## The Continuous Time Random Walk and the Finite Difference Method for the Space Time Fractional Diffusion Equations

**Abdel-Rehim EA***

*Department of Mathematics and Computer Science, Suez Canal University, Egypt*

**Submission: ** August 28, 2017; **Published: ** October 13, 2017

***Corresponding author: ** Abdel-Rehim EA, Department of Mathematics and Computer Science, Faculty of Science, Suez Canal University, Ismailia, Egypt, Email: entsarabdelrehim@yahoo.com, entsarabdelrehim@gmail.com

**How to cite this article: ** Abdel R E. The Continuous Time Random Walk and the Finite Difference Method for the Space Time Fractional Diffusion Equations. Biostat Biometrics Open Acc J. 2017; 3(3): 555615. DOI: 10.19080/BBOAJ.2017.03.555615

**Abstract**

The space fractional diffusion equations are a linear partial pseudo-differential equation with spatial fractional derivatives in space. This equation arises when the motion of the particle is not Brownian and there are extremely long jumps whose length is distributed according to the Levy long tailSome physical, biological and chemical models exhibit a power law with a non integer frequency of order *t ^{-β},0 < β <1*. In this case, one needs to replace the first order time differential operator by the Caputo time fractional operator. In this paper, I am interested in finding the approximation solution of the space time fractional diffusion equations by using the common finite difference rules beside using the Gruenwald-Letnikove difference scheme for the fractional differential operators. The approximation solution is proved to be conditionally stable. Finally, some numerical examples are given based on this method

MSC 2010 : Primary 26A33, Secondary 45K05, 60J60, 44A10, 42A38, 60G50, 65N06, 47G30,80-99

** Keywords: ** Diffusion equations; Finite difference; Caputo fractional derivative; Riesz fractional operator; Stationary solutions; Levy stable distribution; Continuous time random walk

**Introduction**

In 1827 an English botanist, Robert Brown, noticed that small particles suspended in fluids perform peculiarly erratic
movements. This phenomenon, which can also be observed in
gases, is referred to as Brownian motion [1]. It was not until 1905 that Albert Einstein first advanced a satisfactory theory. Einstein considered the case of the free particle, that is, a particle in which no forces other than those due to the molecules of the surrounding medium are acting. He was able to show that the probability density *u*(*x,* t) must satisfy the partial differential equation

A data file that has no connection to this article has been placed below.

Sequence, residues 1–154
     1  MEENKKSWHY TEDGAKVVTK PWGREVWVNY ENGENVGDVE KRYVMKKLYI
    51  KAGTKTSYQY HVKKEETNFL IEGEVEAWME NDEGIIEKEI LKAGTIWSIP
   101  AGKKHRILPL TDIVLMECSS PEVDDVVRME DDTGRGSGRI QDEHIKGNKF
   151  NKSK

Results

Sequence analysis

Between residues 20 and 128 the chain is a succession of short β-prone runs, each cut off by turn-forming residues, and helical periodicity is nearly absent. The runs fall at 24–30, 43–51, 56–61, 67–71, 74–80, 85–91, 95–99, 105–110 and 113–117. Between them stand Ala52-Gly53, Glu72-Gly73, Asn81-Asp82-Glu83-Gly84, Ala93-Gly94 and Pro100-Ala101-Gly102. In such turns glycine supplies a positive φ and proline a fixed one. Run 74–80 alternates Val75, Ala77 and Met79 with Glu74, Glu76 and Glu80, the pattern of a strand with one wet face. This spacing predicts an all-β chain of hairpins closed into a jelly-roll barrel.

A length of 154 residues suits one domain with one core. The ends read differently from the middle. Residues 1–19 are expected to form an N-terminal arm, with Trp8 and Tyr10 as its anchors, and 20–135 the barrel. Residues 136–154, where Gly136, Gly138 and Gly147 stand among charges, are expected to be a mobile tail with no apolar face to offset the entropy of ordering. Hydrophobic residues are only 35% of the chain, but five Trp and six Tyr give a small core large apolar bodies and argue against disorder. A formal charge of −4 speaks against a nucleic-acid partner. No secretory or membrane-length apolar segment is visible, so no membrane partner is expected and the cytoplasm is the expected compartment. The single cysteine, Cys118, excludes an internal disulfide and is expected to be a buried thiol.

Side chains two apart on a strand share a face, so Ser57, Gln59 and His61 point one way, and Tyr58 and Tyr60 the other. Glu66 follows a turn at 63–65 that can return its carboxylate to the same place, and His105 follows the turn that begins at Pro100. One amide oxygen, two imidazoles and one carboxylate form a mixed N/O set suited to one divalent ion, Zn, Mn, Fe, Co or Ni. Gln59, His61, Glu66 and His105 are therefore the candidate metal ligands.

where *α > 0* is a certain physical constant. This equation is called the diffusion equation or the free diffusion. The conditions imposed on u are

The solution u(x, t) of equation (1.1) with the initial condition u(x, 0) =δ (x-x_{0}) is well known as the corresponding Green function or the fundamental solution. As soon as the theory for the free particle was established, a natural question arose how it should be modified in order to take into account the outside forces F (_{x}), for example, gravity which acts in the direction of the x-axis and forces the particle to go back to the origin. When the external force is proportional to the distance from the origin, it has shown that equation (1.1) should be replaced by

This partial differential equation describes the elastic diffusive motion of a bounded particle (for example, small pendulum) and being a special case of the general (diffusion- convection equation), see [2-4]. equation (1.2) is a special case from Fokker Planck equation which reads

Where

It is well known that the Ehrenfest Model is mathematically modelled by the Fokker Planck equation. The Fokker-Planck equation (FPE ) is one of the most widely used equations of statistical physics for studying the dynamic behaviour of stochastic differential equations driven by Gaussian noises, see [5-7]. However, it turns out that many other physical phenomena are outside this frame work. Especially solutes that move through fractal media commonly exhibits large deviations from the stochastic processes of Brownian motion and do not require finite velocity. The extension to Levy stable motion is a straight forward generalization due to the common properties of Levy stable motion and Brownian motion, but the Levy flights differ from the regular Brownian motion by the occurrence of extremely long jumps whose length is distributed according to the Levy long tail Many physical, biological, medical, and chemical models exhibits a power law with a non integer frequency of order t^{-β}, where 0 <β<1 for diffusion processes and 0 <β<2 for wave propagation. Also in a complex inhomogeneous conducting medium experimental evidence shows that the sound waves propagate with power law of non integer order. 1 <β<2

Such processes have a memory. In this paper, I give a review about the approximate, analytical and the continuous time random walk of the space time fractional diffusion processes under the action of constant and linear forces. Therefore, this paper is written in 6 sections. Section 1 is devoted to the introduction. Section 2 is to the important used notations. In section 3, I study the continuous time random walk of the space fractional diffusion equations. In section 4, the approximate and reversibility of the time fractional Ehrenfest model are discussed. Sections 5 and 6 are devoted to the explicit and implicit approximate solutions of the diffusion equations under the action of a constant force.